How to write a memorable introduction to your college essay

Admissions officers read thousands of essays each application season, and they may devote as little as five minutes to reviewing a student’s entire application. That means it’s critical to have a compelling introduction to your essay.

There’s one golden rule for a great introduction: don’t give too much away. Your reader shouldn’t be able to guess the entire trajectory of the essay after reading the first sentence. A striking or unexpected opening captures the reader’s attention, raises questions, and makes them want to keep reading.

If you get the admissions officer to read your essay a little more closely than another applicant’s, you give yourself more opportunity to show your strengths as a candidate.

Start with a surprise

A great introduction often has an element of mystery. Consider the following opening statement:

Example hook
I’ve never been good at breathing.

This opener is unexpected, even bizarre—what could this student be getting at? How can you be bad at breathing?

The student goes on to describe her experience with asthma and how it has affected her life. It’s not a strange topic, but the introduction is certainly intriguing. This sentence keeps the admissions officer reading, giving the student more of an opportunity to keep their attention and make her point.

In a sea of essays with standard openings such as “One life-changing experience for me was …” or “I overcame an obstacle when …,” this introduction stands out. The student could have used either of those more generic introductions, but neither would have been as successful.

This type of introduction is a true “hook”—it’s highly attention-grabbing, and the reader has to keep reading to understand.

Start with a vivid, specific image

If your topic doesn’t lend itself to such a surprising opener, you can also start with a vivid, specific description.

Many essays focus on a particular experience, and describing one moment from that experience can draw the reader in. You could focus on small details of what you could see and feel, or drop the reader right into the middle of the story with dialogue or action.

Bad example
I didn’t know the true meaning of teamwork until the final game of my soccer team’s season last year. After months of hard work, it all came down to the final moments of that last game.
Good example
I wiped the sweat from my head and tried to catch my breath. We were nearly there—just a few more minutes would determine our fate. As the whistle blew, my coach’s words echoed in my mind: “Visualize what you want.”

Some students choose to speak more broadly about their lives and use some sort of object or metaphor as the focus. If that’s the type of essay you’d like to write, you can describe that object in vivid detail, encouraging the reader to imagine it.

Bad example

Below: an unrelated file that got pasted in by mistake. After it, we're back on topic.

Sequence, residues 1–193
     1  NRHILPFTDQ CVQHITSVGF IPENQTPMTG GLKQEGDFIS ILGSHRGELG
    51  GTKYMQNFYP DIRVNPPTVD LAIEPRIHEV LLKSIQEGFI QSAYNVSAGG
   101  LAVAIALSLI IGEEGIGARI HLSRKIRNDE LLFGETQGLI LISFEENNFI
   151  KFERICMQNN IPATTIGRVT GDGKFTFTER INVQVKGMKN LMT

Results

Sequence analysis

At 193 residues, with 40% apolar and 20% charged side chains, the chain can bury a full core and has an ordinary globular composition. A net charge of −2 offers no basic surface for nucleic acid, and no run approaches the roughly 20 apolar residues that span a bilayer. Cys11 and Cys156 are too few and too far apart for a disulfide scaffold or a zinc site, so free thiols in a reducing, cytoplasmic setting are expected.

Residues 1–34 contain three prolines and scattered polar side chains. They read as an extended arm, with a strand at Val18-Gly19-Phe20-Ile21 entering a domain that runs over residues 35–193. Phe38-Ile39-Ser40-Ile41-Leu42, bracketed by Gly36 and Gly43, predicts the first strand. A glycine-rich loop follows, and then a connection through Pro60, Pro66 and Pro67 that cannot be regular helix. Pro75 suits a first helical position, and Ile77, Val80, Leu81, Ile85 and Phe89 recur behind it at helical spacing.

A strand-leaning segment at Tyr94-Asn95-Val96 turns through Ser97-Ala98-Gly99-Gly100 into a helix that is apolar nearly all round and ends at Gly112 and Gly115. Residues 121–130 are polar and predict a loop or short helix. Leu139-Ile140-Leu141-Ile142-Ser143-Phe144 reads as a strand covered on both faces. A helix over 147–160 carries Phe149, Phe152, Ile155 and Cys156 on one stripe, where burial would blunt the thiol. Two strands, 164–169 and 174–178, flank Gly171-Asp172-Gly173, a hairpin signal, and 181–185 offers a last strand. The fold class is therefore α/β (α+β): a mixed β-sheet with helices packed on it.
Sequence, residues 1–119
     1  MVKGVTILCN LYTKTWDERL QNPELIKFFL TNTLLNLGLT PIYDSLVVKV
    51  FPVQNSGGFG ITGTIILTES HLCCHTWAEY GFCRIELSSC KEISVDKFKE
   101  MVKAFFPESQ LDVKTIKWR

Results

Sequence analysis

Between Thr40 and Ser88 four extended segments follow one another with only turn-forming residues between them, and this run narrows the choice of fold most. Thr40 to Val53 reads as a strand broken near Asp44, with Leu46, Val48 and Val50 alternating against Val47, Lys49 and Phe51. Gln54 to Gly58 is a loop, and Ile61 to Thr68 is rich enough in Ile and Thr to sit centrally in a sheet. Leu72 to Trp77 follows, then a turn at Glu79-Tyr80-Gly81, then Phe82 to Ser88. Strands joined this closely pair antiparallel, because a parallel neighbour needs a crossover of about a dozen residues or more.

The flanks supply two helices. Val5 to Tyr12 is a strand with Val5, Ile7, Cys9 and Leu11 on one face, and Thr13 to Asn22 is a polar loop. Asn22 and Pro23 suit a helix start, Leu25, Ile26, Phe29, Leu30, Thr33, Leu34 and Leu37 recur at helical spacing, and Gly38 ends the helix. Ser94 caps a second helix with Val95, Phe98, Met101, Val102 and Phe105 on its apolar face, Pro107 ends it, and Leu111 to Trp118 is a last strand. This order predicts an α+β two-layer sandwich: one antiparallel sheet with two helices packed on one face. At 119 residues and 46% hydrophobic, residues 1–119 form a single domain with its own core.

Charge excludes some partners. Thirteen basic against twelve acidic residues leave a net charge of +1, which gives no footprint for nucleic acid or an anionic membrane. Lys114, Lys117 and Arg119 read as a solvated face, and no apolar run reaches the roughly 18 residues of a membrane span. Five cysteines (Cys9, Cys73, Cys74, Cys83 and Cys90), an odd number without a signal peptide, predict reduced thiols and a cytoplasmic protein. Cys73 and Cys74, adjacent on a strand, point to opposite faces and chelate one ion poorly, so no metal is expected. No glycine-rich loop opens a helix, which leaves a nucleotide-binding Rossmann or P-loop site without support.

My favorite Spotify playlist says a lot about me.
Good example
After hours sitting in my room staring at the screen, I’d completed it: my sonic alter ego. Pushing back against the worn blue office chair in my bedroom, I sighed contentedly, knowing that I had successfully spawned the Spotify playlist that was my spiritual twin.

Avoid clichés

Cliché essay introductions express ideas that are stereotypical or generally thought of as conventional wisdom. Ideas like “My family made me who I am today” or “I accomplished my goals through hard work and determination” may genuinely reflect your life experience, but they aren’t unique or particularly insightful.

Unoriginal essay introductions are easily forgotten and don’t demonstrate a high level of creative thinking. A college essay is intended to give insight into the personality and background of an applicant, so a standard, one-size-fits-all introduction may lead admissions officers to think they are dealing with a standard, unremarkable applicant.

Quotes can often fall into the category of cliché essay openers. There are some circumstances in which using a quote might make sense, but for most essays, they aren’t necessary, and they may make your essay seem uninspired.

Frequently asked questions about college application essays

Why is the introduction important in a college admissions essay?

The introduction of your college essay is the first thing admissions officers will read and therefore your most important opportunity to stand out. An excellent introduction will keep admissions officers reading, allowing you to tell them what you want them to know.

What makes a good college essay introduction?

The key to a strong college essay introduction is not to give too much away. Try to start with a surprising statement or image that raises questions and compels the reader to find out more.

How do I know if my college essay introduction is cliché?

Cliché openers in a college essay introduction are usually general and applicable to many students and situations. Most successful introductions are specific: they only work for the unique essay that follows.

Can I start my admissions essay with a quote?

In most cases, quoting other people isn’t a good way to start your college essay. Admissions officers want to hear your thoughts about yourself, and quotes often don’t achieve that. Unless a quote truly adds something important to your essay that it otherwise wouldn’t have, you probably shouldn’t include it.

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Meredith Testa

Meredith has helped high school students gain admission to their dream schools for the past 7 years. She is based in New York and enjoys teaching dance in her spare time.

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1 comment

Meredith Testa
Meredith Testa (Scribbr Team)
October 4, 2021 at 1:38 PM

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